As part of its ongoing Film Season, the Guardian's been rolling out top 25s for various genres and today's list is comedy. In the #1 spot: Woody Allen's Annie Hall (1977), "the high-water mark of Allen's gift for sublimely touching and funny screen comedy," declares Peter Bradshaw. "It is a gloriously convincing romance, packed with superb gags." Sure, but here's quite a claim: "Annie Hall also virtually invented the relationship comedy in both movies and literature; it made possible the now degraded romcom genre, and on TV it spawned Seinfeld, Curb Your Enthusiasm, Sex and the City, and Entourage — though none of these have anything like Annie Hall's passionate romantic pain. It is an ancestor of the work of Charlie Kaufman, which comes closer to Allen's own darkness."
In Another Fine Mess: A History of American Film Comedy, Saul Austerlitz reminds us that Annie Hall "had begun life as a loose-jointed mystery story before preview screenings decisively demonstrated that audiences preferred the relationship drama to the ostensible suspense plot (which would later be resuscitated for 1993's Manhattan Murder Mystery). Even without the mystery story, Annie Hall is still two films in one: one a loose-jointed comedy in the vein of Sleeper, and the other a tender romance offering the first glimmers of Allen's serious side. Annie Hall owes an enormous debt to [Ralph] Rosenblum, its editor, who devised the film's allusive, stream-of-consciousness cutting. The fractured narrative is not merely a matter of design; it is essential to Annie Hall's air of unsettled melancholy."
"Annie Hall has loomed so large for so long in our collective pop-culture consciousness that its very familiarity can cloud your vision while you're attempting an appraisal of its original impact," writes Joe Leydon in Movies You Must See. "Indeed, even those of us who bought tickets to see it during its first-run engagements can all-too-easily forget what a risk-taking, rule-breaking stunner it seemed in 1977."
One of the jokes Allen tells in that opening monologue up there is borrowed from Groucho Marx and, as it happens, there's a triple feature playing one more night (tonight!) at the New Beverly in Los Angeles: The Marx Brothers in Monkey Business (1931) and WC Fields in Man on the Flying Trapeze (1935) and Never Give a Sucker an Even Break (1941). For Vadim Rizov, writing in the LA Weekly, the program "presents a chance to consider two different approaches to comic rage."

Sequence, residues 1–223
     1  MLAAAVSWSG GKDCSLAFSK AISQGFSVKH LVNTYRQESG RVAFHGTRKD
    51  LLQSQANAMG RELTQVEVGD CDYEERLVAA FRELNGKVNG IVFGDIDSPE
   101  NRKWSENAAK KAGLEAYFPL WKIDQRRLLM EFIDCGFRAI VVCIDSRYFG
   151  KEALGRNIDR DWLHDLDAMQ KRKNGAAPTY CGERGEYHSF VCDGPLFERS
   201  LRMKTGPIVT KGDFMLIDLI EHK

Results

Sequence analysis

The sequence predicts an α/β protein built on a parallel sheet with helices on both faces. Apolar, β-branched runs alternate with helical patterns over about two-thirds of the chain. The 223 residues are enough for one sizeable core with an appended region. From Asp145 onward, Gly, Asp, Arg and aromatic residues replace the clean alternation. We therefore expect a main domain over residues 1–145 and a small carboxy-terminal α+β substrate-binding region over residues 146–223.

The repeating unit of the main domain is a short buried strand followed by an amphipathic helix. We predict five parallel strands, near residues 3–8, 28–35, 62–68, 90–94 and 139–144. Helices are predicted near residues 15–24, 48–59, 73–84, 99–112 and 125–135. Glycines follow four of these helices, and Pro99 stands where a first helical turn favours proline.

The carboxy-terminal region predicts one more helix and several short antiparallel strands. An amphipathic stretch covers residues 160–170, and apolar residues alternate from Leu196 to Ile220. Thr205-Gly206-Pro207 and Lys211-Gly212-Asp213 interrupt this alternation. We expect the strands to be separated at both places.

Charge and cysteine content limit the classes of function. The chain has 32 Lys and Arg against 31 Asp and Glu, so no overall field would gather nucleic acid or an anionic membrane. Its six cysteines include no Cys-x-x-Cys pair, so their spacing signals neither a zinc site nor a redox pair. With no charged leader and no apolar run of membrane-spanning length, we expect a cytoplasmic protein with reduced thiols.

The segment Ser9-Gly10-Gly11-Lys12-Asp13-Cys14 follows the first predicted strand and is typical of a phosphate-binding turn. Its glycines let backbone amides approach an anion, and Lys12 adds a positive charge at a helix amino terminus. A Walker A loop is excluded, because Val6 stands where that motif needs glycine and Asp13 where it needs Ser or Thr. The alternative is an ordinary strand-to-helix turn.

To the present, though, and the #1 film at the box office: "WIth a mammoth opening weekend estimated at $50M dollars, Jeff Tremaine's Jackass 3D sent a ballistic missile to the crotch of all previous nonfiction film box office records, easily and decisively becoming the most successful launch of a nonfiction feature in history." That's one way of looking at it, and it's hardly a surprise that the fine documentary filmmaker and Cinema Eye Honors co-founder AJ Schnack would see it that way. But for Josh Sanburn, writing for Time, Jackass 3D is first and foremost a comedy, and this milestone, such as it is, offers an opportunity to sketch a "Brief History of Slapstick Humor" reaching back "virtually to the beginnings of civilization."
IN OTHER NEWS
In Offscreen's "Books in Review" issue, you'll find Daniel Garrett on Toby Talbot's The New Yorker Theater and Other Scenes from a Life at the Movies and Gary Giddins's Warning Shadows: Home Alone with Classic Cinema, Meryl Suissa on Raz Yosef's Beyond Flesh: Queer Masculinities and Nationalism in Israeli Cinema, Alireza Vahdani on Sybil Anne Thornton's The Japanese Period Film: A Critical Analysis and Offscreen editor Donato Totaro on "The Art of the Interview Book."
The October 2010 issue of KinoKultura: New Russian Cinema is up.
The Chicago International Film Festival is on through Thursday, but most of the awards were presented over the weekend. Nick Davis has the list at the top of his CIFF page. Marilyn Ferdinand has indexed her coverage, too.